They were foreigners and they brought with them their own horses and accountrements. After making an allowance for the fact that they would have to pay for the 219 maintenance of the horses, a provision for payment of Rs.21 and annas 8 per month was made, by way of 'Bachat'. Whether the right to receive this amount was a statutory right, in other words, whether the kalambandis on which the rights were founded, constituted rules and regulations having the force of law was the problem posed before the Court in Madhaorao's case. The Court considered the nature of the provisions contained in the documents and came to the conclusion that the documents unambiguously bore the imprint of the character of a statute or regulation having the force of a statute inasmuch as it recognised and conferred:

(i) hereditary rights;

(ii) it provided for the adoption of a son by a widow of the deceased holder;

(iii) it provided for the maintenance of widows out of the funds specially set apart for that purpose;

(iv) it provided for the offering of a substitute when the holder became old or otherwise became unfit to render services; and (v) it also provided for protection in respect of the execution of decree against the amount payable under the kalambandi.

Having taken into account all these features of the grant, the Court proceeded to observe:

"In our opinion, having regard to the contents of the two orders and the character of the provisions made by them in such a detailed manner it is difficult to distinguish them from statutes or laws; in any event they must be treated as rules or regulations having the force of law..." Far from supporting the claim of the appellants, the decision in Madhaorao's case highlights the fact that the order in question providing for payment of annual allowance for the past years during which the appellants had already been maintained by the State exchequer lacks in the essential ingredients which would justify characterising the order as a rule or a regulation. To put it somewhat crudely, divesting of refinement, the order merely directs payment of a specified sum to 220 the appellants which payment has no nexus with any services rendered by them or any customary right enjoyed by them by virtue of their status as junior members of the family, but 'merely by reason of the fact that the appellants were the sons of the Ruler on whom the Ruler intended to confer cash benefit. In our opinion, what has been granted under the aforesaid order is nothing but an ex-gratia payment or a gift.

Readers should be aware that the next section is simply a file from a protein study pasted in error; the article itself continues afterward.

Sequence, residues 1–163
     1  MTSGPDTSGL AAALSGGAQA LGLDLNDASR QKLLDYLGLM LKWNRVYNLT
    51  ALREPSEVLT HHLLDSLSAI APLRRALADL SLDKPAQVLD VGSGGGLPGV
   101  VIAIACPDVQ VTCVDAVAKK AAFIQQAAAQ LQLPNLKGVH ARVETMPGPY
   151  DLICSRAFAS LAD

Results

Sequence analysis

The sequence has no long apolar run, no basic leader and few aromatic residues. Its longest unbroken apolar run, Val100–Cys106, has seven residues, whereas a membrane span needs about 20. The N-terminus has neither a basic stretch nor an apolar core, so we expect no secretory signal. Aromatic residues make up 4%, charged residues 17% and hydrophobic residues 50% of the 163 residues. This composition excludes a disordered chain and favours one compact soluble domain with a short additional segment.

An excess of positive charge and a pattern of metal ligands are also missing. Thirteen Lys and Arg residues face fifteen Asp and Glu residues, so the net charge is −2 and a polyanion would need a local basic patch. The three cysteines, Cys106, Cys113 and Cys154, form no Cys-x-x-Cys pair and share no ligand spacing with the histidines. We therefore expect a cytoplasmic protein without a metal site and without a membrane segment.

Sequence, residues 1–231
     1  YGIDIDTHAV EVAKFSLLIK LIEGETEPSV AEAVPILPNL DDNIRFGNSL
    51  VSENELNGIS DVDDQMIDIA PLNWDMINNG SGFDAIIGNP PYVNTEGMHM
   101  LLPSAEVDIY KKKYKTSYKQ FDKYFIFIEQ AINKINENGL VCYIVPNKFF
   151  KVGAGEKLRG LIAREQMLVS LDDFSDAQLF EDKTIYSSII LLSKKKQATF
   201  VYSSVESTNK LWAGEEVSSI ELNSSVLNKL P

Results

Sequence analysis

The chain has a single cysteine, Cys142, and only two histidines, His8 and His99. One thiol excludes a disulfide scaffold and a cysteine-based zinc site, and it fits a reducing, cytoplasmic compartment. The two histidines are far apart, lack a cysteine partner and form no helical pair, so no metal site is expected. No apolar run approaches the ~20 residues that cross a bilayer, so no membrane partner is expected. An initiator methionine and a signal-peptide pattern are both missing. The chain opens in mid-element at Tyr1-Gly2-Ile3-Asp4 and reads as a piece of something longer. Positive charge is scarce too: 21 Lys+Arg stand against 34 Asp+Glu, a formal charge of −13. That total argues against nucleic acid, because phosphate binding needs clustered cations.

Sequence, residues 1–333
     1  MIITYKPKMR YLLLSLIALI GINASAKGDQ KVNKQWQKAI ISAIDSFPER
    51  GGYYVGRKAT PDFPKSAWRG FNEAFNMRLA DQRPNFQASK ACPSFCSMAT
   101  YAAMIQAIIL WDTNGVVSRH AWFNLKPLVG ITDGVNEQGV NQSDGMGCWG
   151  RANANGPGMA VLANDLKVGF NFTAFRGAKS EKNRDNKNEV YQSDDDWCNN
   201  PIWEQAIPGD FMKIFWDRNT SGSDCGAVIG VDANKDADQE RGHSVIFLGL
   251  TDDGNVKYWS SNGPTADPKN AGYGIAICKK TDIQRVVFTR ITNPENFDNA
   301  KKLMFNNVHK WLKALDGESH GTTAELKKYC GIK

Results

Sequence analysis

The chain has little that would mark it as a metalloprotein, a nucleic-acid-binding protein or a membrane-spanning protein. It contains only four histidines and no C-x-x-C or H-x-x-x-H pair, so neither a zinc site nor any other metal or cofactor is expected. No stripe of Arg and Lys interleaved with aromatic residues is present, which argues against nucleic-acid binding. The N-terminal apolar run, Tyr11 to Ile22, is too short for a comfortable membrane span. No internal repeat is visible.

Lastly it was contended that the junior members of the family of the Ruler were entitled to a maintenance allowance during their minority as per the custom in the State and that they were entitled to grant of Jagir Upon their attaining majority as per the same custom. The allowance made to the junior members during their minority was treated under a separate head of the State Budget. On these premises it ,was argued that the order in question must of necessity be construed as legislative in character. We are not impressed by this submission. The allowance made under the order had no nexus with any right to a jagir. All the appellants were minors at the relevant point of time and they had not even become entitled to jagirs. As discussed earlier the expression 'Jagir' is apposite only in the context of alientation of land revenue recoverable from the tillers. What was granted by the Ruler to the appellants had nothing to do with a jagir. Even according to the custom pleaded by the appellants the question of granting a jagir would have arisen only after they had attained majority. The payment which was directed to be made to them was not referable either to a jagir or to any other customary right. It was merely a direction to pay a particular amount computed on a particular basis referable to a past period commencing from the date of their birth. We are therefore fully convinced, and firmly of the view, that in substance the amount directed to be paid as per Order Ex. 1 was nothing else but a 'gift' by the then Ruler to his sons, unrelated to any legal rights of the appellants. And that it did not create any legal obligation enforceable against the State of Rajasthan inasmuch as the order in question was not a 'law'. There is thus no substance in any of the submissions urged on behalf of the appellants. The view taken by the High Court is unexceptionable and the appeals are devoid of merit. We accordingly dismiss the appeals. There will be no order as to costs.

S.R. Appeals dismissed.